AWS Big Data Blog

Enhance data security with fine-grained access controls in Amazon DataZone

Fine-grained access control is a crucial aspect of data security for modern data lakes and data warehouses. As organizations handle vast amounts of data across multiple data sources, the need to manage sensitive information has become increasingly important. Making sure the right people have access to the right data, without exposing sensitive information to unauthorized individuals, is essential for maintaining data privacy, compliance, and security.

Today, Amazon DataZone has introduced fine-grained access control, providing you granular control over your data assets in the Amazon DataZone business data catalog across data lakes and data warehouses. With the new capability, data owners can now restrict access to specific records of data at row and column levels, instead of granting access to the entire data asset. For example, if your data contains columns with sensitive information such as personally identifiable information (PII), you can restrict access to only the necessary columns, making sure sensitive information is protected while still allowing access to non-sensitive data. Similarly, you can control access at the row level, allowing users to see only the records that are relevant to their role or task.

In this post, we discuss how to implement fine-grained access control with row and column asset filters using this new feature in Amazon DataZone.

Row and column filters

Row filters enable you to restrict access to specific rows based on criteria you define. For instance, if your table contains data for two regions (America and Europe) and you want to make sure that employees in Europe only access data relevant to their region, you can create a row filter that excludes rows where the region is not Europe (for example, region != 'Europe'). This way, employees in America won’t have access to Europe’s data.

Column filters allow you to limit access to specific columns within your data assets. For example, if your table includes sensitive information such as PII, you can create a column filter to exclude PII columns. This makes sure subscribers can only access non-sensitive data.

The row and column asset filters in Amazon DataZone enable you to control who can access what using a consistent, business user-friendly mechanism for all of your data across AWS data lakes and data warehouses. To use fine-grained access control in Amazon DataZone, you can create row and column filters on top of your data assets in the Amazon DataZone business data catalog. When a user requests a subscription to your data asset, you can approve the subscription by applying the appropriate row and column filters. Amazon DataZone enforces these filters using AWS Lake Formation and Amazon Redshift, making sure the subscriber can only access the rows and columns that they are authorized to use.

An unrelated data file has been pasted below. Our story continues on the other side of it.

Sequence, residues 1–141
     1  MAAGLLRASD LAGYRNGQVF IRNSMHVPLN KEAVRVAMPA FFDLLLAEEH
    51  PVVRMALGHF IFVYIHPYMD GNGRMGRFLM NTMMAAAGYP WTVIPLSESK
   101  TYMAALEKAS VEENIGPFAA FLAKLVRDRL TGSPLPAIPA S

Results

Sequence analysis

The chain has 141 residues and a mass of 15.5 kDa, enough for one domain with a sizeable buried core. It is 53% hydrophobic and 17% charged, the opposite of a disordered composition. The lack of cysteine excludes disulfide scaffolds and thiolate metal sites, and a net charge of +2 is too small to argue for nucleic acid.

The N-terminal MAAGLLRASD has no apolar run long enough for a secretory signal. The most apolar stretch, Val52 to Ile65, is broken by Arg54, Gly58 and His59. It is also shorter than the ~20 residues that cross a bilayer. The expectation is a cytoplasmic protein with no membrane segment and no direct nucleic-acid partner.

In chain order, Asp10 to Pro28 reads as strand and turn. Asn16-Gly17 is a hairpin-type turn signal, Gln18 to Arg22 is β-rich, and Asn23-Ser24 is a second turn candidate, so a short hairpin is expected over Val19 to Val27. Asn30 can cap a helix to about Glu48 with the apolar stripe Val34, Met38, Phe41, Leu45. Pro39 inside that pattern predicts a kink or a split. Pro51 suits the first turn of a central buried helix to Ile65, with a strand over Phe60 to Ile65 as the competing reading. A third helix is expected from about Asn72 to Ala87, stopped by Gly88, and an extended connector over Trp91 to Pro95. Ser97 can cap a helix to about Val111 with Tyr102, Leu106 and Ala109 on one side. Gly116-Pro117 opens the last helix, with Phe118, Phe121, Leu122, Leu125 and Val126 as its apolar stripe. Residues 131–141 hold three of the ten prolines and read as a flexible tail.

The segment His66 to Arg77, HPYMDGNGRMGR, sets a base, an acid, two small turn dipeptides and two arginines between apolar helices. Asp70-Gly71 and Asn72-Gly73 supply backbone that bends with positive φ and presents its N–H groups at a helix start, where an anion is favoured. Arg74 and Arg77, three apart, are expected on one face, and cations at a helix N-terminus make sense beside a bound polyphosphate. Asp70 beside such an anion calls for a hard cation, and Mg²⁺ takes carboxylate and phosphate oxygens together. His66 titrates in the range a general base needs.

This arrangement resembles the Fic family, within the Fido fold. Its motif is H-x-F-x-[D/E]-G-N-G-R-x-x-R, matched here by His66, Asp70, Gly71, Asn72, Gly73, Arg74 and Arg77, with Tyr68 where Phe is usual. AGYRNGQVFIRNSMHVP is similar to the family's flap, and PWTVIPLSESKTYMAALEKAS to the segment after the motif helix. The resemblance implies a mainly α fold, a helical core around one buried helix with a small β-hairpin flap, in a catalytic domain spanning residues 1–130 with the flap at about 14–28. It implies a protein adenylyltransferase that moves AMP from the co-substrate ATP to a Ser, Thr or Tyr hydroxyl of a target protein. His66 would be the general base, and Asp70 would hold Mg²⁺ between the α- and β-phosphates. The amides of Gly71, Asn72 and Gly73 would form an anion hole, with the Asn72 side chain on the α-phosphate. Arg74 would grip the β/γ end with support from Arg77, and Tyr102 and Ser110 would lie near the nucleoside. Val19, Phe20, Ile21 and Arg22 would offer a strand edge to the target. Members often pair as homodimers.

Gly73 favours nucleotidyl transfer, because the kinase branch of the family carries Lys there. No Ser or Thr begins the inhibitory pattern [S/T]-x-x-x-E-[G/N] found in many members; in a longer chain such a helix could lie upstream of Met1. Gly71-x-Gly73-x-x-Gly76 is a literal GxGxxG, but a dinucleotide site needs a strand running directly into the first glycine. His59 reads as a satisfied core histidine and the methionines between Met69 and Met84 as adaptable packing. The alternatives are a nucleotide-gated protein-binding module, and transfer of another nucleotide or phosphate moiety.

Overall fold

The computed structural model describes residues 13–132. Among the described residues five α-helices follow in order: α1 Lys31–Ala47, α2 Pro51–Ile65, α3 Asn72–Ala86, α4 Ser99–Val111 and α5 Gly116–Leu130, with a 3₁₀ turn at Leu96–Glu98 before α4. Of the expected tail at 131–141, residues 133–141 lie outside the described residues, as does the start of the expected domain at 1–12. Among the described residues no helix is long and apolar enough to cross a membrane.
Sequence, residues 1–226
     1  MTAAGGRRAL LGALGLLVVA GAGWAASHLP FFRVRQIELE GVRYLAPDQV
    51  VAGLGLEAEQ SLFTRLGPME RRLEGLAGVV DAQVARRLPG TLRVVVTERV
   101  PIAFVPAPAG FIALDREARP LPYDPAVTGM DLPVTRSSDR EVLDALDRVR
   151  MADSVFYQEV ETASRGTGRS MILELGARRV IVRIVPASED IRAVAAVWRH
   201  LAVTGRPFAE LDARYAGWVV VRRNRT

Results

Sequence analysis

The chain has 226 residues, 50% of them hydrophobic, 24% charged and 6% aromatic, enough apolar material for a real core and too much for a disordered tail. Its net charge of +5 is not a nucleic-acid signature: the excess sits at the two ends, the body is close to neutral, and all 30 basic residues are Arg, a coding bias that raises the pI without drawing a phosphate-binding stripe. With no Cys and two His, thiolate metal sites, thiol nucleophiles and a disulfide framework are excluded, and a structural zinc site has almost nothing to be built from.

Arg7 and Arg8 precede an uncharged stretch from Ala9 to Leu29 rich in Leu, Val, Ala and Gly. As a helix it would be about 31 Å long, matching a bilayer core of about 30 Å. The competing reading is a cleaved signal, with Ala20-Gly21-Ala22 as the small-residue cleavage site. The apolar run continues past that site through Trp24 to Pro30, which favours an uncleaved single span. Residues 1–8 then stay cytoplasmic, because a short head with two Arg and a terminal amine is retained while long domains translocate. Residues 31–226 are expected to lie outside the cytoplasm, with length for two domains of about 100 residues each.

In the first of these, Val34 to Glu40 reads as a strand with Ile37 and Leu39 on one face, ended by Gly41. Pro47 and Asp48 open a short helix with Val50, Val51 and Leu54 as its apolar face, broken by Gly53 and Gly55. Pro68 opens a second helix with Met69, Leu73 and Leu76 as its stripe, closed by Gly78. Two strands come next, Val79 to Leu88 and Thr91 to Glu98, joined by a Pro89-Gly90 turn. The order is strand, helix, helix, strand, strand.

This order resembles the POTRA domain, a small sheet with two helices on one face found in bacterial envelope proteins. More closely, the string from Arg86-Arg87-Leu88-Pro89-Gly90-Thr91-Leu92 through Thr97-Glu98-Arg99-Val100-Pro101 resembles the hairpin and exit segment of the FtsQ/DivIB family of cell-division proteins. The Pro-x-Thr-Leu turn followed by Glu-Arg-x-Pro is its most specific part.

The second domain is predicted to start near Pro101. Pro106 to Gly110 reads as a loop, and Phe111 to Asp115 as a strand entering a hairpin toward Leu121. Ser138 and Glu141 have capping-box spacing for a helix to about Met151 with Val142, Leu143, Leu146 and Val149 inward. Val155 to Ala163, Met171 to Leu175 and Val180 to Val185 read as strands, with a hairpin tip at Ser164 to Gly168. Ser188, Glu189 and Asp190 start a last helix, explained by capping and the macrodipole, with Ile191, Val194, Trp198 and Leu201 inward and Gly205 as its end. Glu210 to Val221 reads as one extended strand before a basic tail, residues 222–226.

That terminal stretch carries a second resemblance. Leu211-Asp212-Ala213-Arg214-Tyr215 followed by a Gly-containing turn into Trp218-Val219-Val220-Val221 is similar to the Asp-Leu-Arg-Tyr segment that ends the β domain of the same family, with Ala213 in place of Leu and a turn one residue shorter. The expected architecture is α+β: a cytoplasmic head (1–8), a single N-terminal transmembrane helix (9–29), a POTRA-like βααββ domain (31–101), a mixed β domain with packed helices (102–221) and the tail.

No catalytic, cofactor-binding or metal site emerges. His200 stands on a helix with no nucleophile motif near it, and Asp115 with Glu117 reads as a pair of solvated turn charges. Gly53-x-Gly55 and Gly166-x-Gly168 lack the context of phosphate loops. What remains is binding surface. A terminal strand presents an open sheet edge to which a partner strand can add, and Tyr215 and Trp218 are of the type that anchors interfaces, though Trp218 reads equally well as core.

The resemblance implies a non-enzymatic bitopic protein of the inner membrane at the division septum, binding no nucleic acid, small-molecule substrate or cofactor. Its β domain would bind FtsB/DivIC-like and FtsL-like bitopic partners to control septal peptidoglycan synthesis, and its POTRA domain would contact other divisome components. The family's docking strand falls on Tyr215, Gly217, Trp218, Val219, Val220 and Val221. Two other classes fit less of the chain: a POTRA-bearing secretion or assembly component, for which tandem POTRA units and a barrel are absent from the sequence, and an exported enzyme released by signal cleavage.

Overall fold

Solution overview

To demonstrate the new capability, we consider a sample customer use case where an electronics ecommerce platform is looking to implement fine-grained access controls using Amazon DataZone. The customer has multiple product categories, each operated by different divisions of the company. The platform governance team wants to make sure each division has visibility only to data belonging to their own categories. Additionally, the platform governance team needs to adhere to the finance team requirements that pricing information should be visible only to the finance team.

The sales team, acting as the data producer, has published an AWS Glue table called Product sales that contains data for both Laptops and Servers categories to the Amazon DataZone business data catalog using the project Product-Sales. The analytic teams in both the laptop and server divisions need to access this data for their respective analytics projects. The data owner’s objective is to grant data access to consumers based on the division they belong to. This means giving access to only rows of data with laptop sales to the laptops sales analytics team, and rows with servers sales to the server sales analytics team. Additionally, the data owner wants to restrict both teams from accessing the pricing data. This post demonstrates the implementation steps to achieve this use case in Amazon DataZone.

The steps to configure this solution are as follows:

  1. The publisher creates asset filters for limiting access:
    1. We create two row filters: a Laptop Only row filter that limits access to only the rows of data with laptop sales, and a Server Only row filter that limits access to the rows of data with server sales.